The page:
But I have been out of graduate school since 1996.
I also did not have any experience with a computer, which changed rather quickly as soon as I went to the library and discovered that my old friend, the card catalog, was now stored on a computer.
So my advice to college counseling students is to learn Heartmath or some mindfulness technique, and to use it frequently.
My experience shows me that the more I relax, the better I listen, comprehend, and remember, not just for the sake of a test, but for the sake of my clients.
I have tried a lot of self-improvement techniques over the years, and Heartmath is the most precise and economical and effective for my in my personal and professional life.
In fact, relaxation is a significant key to two recently discovered capacities of the human brain, neurogenesis and neuroplasticity, which will subtly and powerfully impact your memory.
Neurogenesis is the growth of new brain cells every day. If we take care of our brain and body fitness, those new neurons migrate to the hippocampus and are laid down in the memory making part of the brain.
Neuroplasticity is what neurons do when they are challenged by a novel learning experience and your college counseling studies will provide lots of those. Neurons form new connections, and those new neurons will become part of an existing circuit when we learn something new.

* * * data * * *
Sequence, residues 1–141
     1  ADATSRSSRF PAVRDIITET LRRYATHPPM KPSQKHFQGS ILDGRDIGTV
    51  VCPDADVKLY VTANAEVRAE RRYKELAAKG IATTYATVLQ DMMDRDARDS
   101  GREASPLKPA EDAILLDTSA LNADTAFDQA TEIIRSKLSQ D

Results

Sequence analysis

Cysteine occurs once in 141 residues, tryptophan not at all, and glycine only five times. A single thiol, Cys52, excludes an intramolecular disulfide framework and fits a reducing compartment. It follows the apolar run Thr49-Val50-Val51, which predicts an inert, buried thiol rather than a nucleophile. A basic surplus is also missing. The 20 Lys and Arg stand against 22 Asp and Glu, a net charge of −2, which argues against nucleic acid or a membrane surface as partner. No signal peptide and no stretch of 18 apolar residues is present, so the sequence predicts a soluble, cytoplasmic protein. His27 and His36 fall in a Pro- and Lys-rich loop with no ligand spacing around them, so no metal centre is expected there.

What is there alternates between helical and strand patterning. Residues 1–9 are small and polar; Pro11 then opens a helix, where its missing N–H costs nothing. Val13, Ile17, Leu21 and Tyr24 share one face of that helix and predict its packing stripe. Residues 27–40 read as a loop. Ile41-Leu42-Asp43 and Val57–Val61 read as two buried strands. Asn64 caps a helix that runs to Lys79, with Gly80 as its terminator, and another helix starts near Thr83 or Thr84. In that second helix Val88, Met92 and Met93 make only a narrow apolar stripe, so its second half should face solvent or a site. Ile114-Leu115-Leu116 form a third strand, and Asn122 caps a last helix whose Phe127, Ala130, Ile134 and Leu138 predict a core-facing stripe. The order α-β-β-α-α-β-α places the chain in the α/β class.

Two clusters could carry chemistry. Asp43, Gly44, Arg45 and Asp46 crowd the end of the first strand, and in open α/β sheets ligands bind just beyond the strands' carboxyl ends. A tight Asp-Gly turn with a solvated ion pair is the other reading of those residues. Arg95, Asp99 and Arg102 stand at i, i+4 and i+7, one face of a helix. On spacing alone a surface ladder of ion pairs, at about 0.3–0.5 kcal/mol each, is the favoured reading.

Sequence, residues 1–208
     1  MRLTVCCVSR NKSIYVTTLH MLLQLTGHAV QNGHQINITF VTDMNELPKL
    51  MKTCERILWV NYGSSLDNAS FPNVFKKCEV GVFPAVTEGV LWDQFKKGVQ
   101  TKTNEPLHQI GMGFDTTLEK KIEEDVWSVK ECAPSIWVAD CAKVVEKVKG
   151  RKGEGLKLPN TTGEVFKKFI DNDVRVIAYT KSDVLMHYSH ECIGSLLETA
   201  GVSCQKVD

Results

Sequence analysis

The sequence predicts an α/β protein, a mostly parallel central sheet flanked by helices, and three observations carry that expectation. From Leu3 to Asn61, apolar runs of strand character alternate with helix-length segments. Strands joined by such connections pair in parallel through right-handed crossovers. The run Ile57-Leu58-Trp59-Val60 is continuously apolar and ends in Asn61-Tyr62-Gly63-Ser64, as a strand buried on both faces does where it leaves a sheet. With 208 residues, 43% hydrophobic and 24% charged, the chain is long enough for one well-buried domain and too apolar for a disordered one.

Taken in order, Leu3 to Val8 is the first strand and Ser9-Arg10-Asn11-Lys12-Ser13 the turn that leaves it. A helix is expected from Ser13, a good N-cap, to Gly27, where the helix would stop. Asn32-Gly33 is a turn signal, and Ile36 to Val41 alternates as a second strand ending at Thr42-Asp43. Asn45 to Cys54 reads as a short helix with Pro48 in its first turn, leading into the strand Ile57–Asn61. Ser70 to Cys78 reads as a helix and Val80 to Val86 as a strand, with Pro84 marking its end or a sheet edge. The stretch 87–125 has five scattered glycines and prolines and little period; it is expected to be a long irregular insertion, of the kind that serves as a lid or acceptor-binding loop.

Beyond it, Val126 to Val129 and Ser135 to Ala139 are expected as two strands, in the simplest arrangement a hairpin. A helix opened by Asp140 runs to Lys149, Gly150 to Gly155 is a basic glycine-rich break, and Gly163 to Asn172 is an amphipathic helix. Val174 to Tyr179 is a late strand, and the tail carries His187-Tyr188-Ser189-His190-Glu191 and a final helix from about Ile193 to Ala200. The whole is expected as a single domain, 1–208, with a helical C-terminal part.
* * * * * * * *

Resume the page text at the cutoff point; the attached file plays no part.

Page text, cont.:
What can diminish the brain's neurogenesis and neuroplasticity? Stress hormones, for one.
How long does it take for you to create a stress hormone? About 1/18th second, at the top end.
Michael Merzinich,Ph.D., a leading researcher in the neuroplasticity field, says that Senior drivers need to be prepared to deal with changing driving conditions in 1/45th second which is about 4 times faster than you can blink your eyes.
So relaxation for college counseling students needs to be attended to frequently, and Heartmath is just the tool, because you can attend to the time between heart beats which is much closer to that 1/18th second or 1/45th second threshhold than most relaxation techniques.
Heartmath also opens higher perceptual centers in the brain where you can practice another novel learning experience called Mind Sparke Brain Fitness Pro, which will increase your IQ. There is a link to the Heartmath program in the right column.
Really, on an IQ test too.Mind Sparke Brain Fitness Pro - Software that makes you smarter
When I was beginning my personal growth journey, a wise person told me that when I was feeling resentful or afraid or sad, that I should remember the phrase "gratitude is the attitude" when I was ready to feel better. That phrase has helped me feel better tens of thousands of times.
Would you share what you are most grateful for? Your story could be just what another person is searching for to renew themselves? Thanks.